I like to break my final objective into a couple of phases (usually three). That way, if I fail to complete the final step while the previous ones are achieved, I will feel less frustrated because it won’t be a complete failure and it will be easier for me to adjust the situation and transform it into a full success. In fact, what I’m doing is gradually moving from my Comfort Zone to my Learning Zone, growing a little at each iteration and moving to the next phase. Even in the case of failure, I will not slide into the Panic Zone.

Don’t let the fear keep you from growing! Let go of your expectations and accept the results of your actions. Each loss will teach you how to accept the circumstances and help you be better the next time. Look forward to the outcome, whatever it is.

Why Is the Pain Worth the Gain

The most obvious downside of holding onto your comfort zone is that it’s holding you back. Maybe you don’t feel that way right now, but eventually, you definitely will. You’ll start experiencing boredom, self-criticism, envy. These are the signs you’ve grown out of your comfort zone.

Most people avoid making big decisions because they dread facing stress and anxiety. Stress is our body’s response to challenges coming from our environment. Even though it can make you feel frustrated, angry or anxious, but stress is a normal part of life; it pushes us forward and helps us be more productive. One way or another, you must face these feelings and decide if the stress is going to be the factor of your anxiety or motivation. The role of a good leader is to help people transit from the comfort zone to learning zone.

Letting go of the notion of achieving perfection is a powerful, liberating thing! Realising that nothing and nobody is flawless, will free you from unnecessary pressure and hesitation that have held you back. You will feel encouraged and willing to take risks, break and remove barriers.

Stepping out of your comfort zone will not only lead to your personal growth but will also inspire your team members. You will be a role-model for them, inspiring them to work on themselves and constantly improve.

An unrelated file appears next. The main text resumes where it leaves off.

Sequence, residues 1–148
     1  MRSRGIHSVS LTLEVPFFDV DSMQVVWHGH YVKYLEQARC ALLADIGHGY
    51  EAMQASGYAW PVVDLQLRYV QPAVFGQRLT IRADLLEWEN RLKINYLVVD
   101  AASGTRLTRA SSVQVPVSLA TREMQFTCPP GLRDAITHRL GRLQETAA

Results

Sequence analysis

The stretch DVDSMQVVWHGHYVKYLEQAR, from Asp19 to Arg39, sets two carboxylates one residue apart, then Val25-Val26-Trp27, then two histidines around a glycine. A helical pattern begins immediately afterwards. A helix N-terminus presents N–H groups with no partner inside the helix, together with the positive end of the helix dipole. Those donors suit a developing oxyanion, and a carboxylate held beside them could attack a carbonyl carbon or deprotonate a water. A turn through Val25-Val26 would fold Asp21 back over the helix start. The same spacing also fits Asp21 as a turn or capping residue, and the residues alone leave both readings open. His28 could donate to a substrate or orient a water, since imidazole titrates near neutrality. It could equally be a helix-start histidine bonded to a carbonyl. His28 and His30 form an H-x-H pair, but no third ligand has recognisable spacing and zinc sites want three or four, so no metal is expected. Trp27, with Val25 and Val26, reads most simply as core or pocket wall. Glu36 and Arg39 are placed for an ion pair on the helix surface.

Team Up

Learning is always easier when you have company. Being confronted with people that have more knowledge or information than you, may generate insecurity, reducing Comfort and Learning Zone. On the other hand, being with people that are on the same level and struggle like you, will expand those zones. Each small success will make you stronger. This is why, when it comes to professional environments, correct training and information exchange are key factors to reducing employee stress.

Teaming up will help you do a better job and it will bring you valuable experience. Working together reinforces the most important aspects of the team, serves as a form of teambuilding on some level and helps leader and his team to get more comfortable in a better working atmosphere.

In 1965 Bruce Tuckman created a development theory from a behavioural point of view regarding the group work. He developed four phases, based on the stages from inception to performance: forming, storming, norming and performing. Later he added the fifth phase – adjourning. Further researches showed the most common problem is the norming phase. In this phase, group rejects the old methods and develops new ones. Lack of insecurity and self-confidence in team members can create an illusion of the perfect performance, but the evidence that group is out of comfort zone is actually little. As a leader, you can set clear goals and strategy to move your members from old performance to the new one. Encouraging, building confidence and monitoring are crucial to empowering your team members.

Promote Change

Every great leader pushes his/her team members to step outside of their comfort zone. If you encourage and support your team members, it will motivate them to accomplish their assignments better.

Most people don’t want to stretch beyond their boundaries, especially if it involves risking their current position. Encouraging and believing in them, will give them the opportunity to go beyond the boundaries of the status quo. Many learn and develop new skills by doing certain assignments. For example, when you give your team members tasks, make sure you let them know (why) you think they can handle it.

Pointing out great work that they’ve done in a similar area, or talking about strengths you’ve observed in that person, will help to do a better job, develop new skills or bring the old ones at a higher level. It’s important to use a gradual approach. For instance, talk with your members about task ups and downs, advise them how to manage the process of work and look over their plan giving them your feedback afterwards.

Depending on situations in your life, it’s up to you how far you will push the boundaries. The key is to maintain the balance between Comfort Zone and Performance Zone and avoid generating the stress of the Panic Zone.


Leave a Reply